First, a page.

At a meeting the other day, someone I admire talked about her new car getting keyed all down the side. This person has a bumper sticker: “Middle-class White Women for Obama.” Maybe her car would have been safe in Seattle, and one would think she’d be safe in nothern Alabama and this city, which often votes blue — but her politics endanger her possessions — and her self. I’ve had several instances of road rage directed at me — big trucks tailgating and passing too quickly, squeezing me into my lane, close calls — and I wonder which instances are the normal road rage in any city and which are punishment for my dark blue Obama presidential campaign bumper sticker.
My son wants me to take the bumper sticker off. I won’t. I will not give in to my own fear and others’ intimidation.
The day after Obama’s speech on health care to Congress, a student in an elementary school here said, “I would like to put a gun to his head and shoot–but I don’t have to because somebody else is going to do it.” Another child said, “”That’s wrong to say. You respect the President of the United States and you don’t make threats of violence to anyone.” Where was the teacher’s input? Absent. The teacher said nothing.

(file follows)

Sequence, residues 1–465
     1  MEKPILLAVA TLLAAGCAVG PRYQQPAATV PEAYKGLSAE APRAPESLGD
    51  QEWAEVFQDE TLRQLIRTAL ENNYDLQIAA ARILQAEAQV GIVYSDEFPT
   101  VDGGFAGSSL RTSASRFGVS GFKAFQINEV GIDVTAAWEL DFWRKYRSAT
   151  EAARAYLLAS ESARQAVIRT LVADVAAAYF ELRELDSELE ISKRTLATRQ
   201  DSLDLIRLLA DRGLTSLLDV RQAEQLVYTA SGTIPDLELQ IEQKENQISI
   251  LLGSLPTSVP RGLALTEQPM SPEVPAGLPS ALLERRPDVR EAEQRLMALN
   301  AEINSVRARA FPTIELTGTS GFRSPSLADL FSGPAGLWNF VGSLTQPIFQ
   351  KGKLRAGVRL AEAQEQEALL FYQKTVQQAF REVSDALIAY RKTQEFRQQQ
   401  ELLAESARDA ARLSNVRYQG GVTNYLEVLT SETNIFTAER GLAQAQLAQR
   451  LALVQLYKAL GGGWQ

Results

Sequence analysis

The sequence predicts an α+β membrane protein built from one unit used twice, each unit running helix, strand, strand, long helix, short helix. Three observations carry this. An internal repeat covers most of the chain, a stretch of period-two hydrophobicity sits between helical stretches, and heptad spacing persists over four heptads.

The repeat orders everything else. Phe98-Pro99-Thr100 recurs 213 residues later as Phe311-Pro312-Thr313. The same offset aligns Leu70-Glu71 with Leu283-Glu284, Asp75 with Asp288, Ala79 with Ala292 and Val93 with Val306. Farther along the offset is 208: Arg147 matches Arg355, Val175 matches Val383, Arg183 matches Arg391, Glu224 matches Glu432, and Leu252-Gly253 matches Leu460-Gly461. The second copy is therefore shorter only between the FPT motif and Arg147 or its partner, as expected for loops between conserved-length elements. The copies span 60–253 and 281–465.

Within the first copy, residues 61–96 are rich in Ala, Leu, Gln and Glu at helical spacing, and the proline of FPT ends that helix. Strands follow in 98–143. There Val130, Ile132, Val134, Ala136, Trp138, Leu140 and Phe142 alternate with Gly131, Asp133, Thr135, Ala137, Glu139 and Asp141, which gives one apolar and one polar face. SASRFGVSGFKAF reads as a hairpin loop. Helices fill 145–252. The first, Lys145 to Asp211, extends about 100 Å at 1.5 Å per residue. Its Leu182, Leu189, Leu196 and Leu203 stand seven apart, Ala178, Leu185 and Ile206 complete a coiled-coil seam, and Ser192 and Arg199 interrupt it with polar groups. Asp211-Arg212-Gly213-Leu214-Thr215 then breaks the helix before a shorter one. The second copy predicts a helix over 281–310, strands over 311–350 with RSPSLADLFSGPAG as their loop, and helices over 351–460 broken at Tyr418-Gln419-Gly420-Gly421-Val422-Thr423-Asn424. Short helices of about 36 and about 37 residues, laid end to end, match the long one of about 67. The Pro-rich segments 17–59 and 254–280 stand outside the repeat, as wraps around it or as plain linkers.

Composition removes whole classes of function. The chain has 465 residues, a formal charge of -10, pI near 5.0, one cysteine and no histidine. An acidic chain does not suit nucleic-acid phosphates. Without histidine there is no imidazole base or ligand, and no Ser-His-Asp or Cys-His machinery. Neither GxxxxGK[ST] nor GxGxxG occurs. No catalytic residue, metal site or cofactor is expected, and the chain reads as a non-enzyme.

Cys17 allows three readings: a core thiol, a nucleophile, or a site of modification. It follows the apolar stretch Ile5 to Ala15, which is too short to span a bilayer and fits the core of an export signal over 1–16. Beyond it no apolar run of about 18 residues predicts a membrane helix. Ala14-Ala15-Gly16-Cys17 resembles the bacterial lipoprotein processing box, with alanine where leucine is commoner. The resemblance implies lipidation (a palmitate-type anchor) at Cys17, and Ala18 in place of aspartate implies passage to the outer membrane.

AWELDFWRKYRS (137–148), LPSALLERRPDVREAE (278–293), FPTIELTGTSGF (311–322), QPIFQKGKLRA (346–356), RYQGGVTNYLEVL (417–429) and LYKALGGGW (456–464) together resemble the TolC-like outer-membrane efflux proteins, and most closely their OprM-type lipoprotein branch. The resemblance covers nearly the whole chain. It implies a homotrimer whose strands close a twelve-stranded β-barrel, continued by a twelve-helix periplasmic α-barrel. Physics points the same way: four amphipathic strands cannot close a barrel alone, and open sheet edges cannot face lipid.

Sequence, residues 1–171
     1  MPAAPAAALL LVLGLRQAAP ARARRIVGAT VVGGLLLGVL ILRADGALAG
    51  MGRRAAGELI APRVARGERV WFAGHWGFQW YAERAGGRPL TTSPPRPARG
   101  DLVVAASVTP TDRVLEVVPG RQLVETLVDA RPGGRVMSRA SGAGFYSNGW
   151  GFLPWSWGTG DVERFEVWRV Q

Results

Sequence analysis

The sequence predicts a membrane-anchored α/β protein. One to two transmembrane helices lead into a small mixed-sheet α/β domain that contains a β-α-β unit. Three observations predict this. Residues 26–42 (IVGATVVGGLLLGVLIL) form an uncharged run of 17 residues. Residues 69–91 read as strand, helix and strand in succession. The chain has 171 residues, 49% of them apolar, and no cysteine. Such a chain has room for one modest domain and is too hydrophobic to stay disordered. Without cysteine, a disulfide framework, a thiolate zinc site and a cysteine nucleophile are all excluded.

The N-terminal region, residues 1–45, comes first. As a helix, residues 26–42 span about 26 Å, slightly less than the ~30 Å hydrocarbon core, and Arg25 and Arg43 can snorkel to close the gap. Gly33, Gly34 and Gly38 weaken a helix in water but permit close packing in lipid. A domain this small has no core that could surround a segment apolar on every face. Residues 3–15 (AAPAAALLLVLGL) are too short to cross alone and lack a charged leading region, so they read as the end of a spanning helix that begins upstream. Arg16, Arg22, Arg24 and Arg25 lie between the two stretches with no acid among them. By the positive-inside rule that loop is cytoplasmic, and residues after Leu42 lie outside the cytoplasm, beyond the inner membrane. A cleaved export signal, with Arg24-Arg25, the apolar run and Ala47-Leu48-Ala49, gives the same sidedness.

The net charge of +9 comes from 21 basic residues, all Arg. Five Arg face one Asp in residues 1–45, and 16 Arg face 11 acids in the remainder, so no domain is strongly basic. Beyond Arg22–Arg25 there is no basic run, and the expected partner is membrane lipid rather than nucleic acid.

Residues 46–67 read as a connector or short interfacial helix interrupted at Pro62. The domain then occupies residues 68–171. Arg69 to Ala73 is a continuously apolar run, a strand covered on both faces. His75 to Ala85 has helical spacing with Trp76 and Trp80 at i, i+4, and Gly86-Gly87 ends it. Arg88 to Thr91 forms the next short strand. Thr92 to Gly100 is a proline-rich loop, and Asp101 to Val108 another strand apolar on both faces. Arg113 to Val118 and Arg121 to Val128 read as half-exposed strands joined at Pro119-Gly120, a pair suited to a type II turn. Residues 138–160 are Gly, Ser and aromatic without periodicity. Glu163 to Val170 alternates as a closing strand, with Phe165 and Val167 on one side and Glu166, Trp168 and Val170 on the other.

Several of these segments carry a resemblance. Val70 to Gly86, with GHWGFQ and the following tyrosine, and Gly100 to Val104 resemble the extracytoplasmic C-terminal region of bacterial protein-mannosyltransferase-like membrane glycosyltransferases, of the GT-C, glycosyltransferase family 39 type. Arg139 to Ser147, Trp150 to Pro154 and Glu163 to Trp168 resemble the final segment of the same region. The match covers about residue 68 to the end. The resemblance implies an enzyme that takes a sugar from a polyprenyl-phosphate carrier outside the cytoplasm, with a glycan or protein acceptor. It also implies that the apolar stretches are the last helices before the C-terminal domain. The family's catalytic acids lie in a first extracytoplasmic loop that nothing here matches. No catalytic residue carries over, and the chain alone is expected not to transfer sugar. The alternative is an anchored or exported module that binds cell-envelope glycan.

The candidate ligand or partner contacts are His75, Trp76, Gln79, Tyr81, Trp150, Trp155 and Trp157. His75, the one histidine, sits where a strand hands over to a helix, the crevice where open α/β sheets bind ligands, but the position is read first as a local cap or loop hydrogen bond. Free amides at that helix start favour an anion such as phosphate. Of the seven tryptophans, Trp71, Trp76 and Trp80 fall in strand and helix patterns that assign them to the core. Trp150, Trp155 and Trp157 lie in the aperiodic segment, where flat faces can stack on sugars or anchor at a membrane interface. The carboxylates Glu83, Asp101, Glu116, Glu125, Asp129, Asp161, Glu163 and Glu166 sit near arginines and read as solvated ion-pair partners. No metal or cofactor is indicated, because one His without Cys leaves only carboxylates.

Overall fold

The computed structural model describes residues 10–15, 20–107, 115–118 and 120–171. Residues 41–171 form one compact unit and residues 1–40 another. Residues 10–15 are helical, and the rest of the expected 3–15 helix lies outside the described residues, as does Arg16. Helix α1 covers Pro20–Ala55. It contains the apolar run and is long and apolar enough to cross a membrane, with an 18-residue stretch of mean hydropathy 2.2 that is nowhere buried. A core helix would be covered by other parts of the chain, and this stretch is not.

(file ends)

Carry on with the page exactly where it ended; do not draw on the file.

Are we healing racism in this country? The hate talk against Obama indicates we are a nation in need of radical soul searching. Political road rage and cowardly responses inflame. Do we know how to debate with intelligence and decorum? Before the election, I came out to the parking lot and found a piece of notebook paper with a penciled message under my windshield wipers. The message said something about my being blissfully ignorant as a liberal. No signature.
Courage. Conviction. Respect. Dialog.